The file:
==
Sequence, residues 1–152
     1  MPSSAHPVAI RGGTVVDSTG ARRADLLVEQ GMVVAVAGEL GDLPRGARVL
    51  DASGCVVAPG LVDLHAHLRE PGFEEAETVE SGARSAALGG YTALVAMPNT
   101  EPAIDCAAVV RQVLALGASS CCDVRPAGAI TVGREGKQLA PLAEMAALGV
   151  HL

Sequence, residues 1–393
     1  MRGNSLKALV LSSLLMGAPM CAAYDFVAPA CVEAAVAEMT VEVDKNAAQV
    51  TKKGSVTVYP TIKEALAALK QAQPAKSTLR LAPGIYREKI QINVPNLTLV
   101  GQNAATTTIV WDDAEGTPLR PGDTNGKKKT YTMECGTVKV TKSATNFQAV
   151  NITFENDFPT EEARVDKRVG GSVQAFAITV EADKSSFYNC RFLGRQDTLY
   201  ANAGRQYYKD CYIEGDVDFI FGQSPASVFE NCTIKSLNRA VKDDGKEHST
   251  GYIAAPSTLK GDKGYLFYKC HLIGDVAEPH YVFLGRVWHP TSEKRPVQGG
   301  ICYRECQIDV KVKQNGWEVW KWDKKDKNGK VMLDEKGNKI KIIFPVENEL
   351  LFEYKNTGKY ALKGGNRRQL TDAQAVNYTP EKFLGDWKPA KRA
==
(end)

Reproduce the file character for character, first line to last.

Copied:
Sequence, residues 1–152
     1  MPSSAHPVAI RGGTVVDSTG ARRADLLVEQ GMVVAVAGEL GDLPRGARVL
    51  DASGCVVAPG LVDLHAHLRE PGFEEAETVE SGARSAALGG YTALVAMPNT
   101  EPAIDCAAVV RQVLALGASS CCDVRPAGAI TVGREGKQLA PLAEMAALGV
   151  HL

Sequence, residues 1–393
     1  MRGNSLKALV LSSLLMGAPM CAAYDFVAPA CVEAAVAEMT VEVDKNAAQV
    51  TKKGSVTVYP TIKEALAALK QAQPAKSTLR LAPGIYREKI QINVPNLTLV
   101  GQNAATTTIV WDDAEGTPLR PGDTNGKKKT YTMECGTVKV TKSATNFQAV
   151  NITFENDFPT EEARVDKRVG GSVQAFAITV EADKSSFYNC RFLGRQDTLY
   201  ANAGRQYYKD CYIEGDVDFI FGQSPASVFE NCTIKSLNRA VKDDGKEHST
   251  GYIAAPSTLK GDKGYLFYKC HLIGDVAEPH YVFLGRVWHP TSEKRPVQGG
   301  ICYRECQIDV KVKQNGWEVW KWDKKDKNGK VMLDEKGNKI KIIFPVENEL
   351  LFEYKNTGKY ALKGGNRRQL TDAQAVNYTP EKFLGDWKPA KRA